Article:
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Hong Kong Culls Chickens, Bans Trade After H5N1 Detected

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Workers began culling 17,000 chickens at a wholesale poultry market in Hong Kong on Wednesday after a dead chicken there tested positive for the deadly H5N1 avian virus, a government spokesman said.

The Hong Kong government also suspended imports of live chickens from mainland China and the trading of live chickens for 21 days in a bid to prevent any spread of the disease, which is normally found in birds but can jump to humans.

"We do not know if the dead chicken was imported from China or if it's a local chicken," the government spokesman said, adding that the market would be emptied of birds and thoroughly disinfected.

People do not have immunity to the H5N1 virus and researchers worry it could mutate in humans into a form that would spread around the world and kill millions of people.

The virus passes easily among birds and has becomes active in various parts of the world, but especially in east Asia, over recent years, especially in the cooler months of the year.

The current strain of H5N1 is highly pathogenic, kills most species of birds and up to 60 percent of the people it infects.

The last two large poultry culling exercises in Hong Kong took place in June 2008, after checks uncovered H5N1 in chicken fecal samples, and in December 2008 when the virus killed scores of chickens at a chicken farm.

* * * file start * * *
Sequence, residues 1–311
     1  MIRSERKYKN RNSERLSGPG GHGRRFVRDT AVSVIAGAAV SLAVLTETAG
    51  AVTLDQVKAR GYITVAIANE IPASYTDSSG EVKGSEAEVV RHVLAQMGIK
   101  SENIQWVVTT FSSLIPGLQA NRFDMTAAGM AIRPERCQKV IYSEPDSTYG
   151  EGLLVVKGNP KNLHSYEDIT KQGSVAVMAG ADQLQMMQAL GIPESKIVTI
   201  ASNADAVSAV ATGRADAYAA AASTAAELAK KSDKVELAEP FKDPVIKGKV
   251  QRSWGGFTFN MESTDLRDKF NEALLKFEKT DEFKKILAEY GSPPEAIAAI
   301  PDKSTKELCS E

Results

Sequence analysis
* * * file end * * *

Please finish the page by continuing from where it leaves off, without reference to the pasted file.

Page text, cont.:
In 1997, six people died from the H5N1 virus in the territory and 1.3 million chickens were culled.

Hong Kong's last recorded human case of H5N1 was in November 2010 -- the 59-year-old woman, who came down with the illness after returning from a trip to mainland China, survived.

Since making its first laboratory-confirmed appearance in Hong Kong in 1997, it is now endemic in many places in Asia and also Egypt.

Since 2003, it has infected 573 people around the world, killing 336.

The virus also kills migratory birds but species that manage to survive can carry and disperse the virus to new, uninfected locations.

The virus can kill birds and humans in a matter of days but can survive far longer durations in a moist, cool environment. The ban on trading of live chickens in Hong Kong for 21 days is to ensure that the virus runs through its full lifecycle.

It transmits less easily between people but there have been clusters of infections in people in Indonesia and Thailand in the past, where the virus is believed to have been passed between family members through direct contact with contaminated respiratory secretions.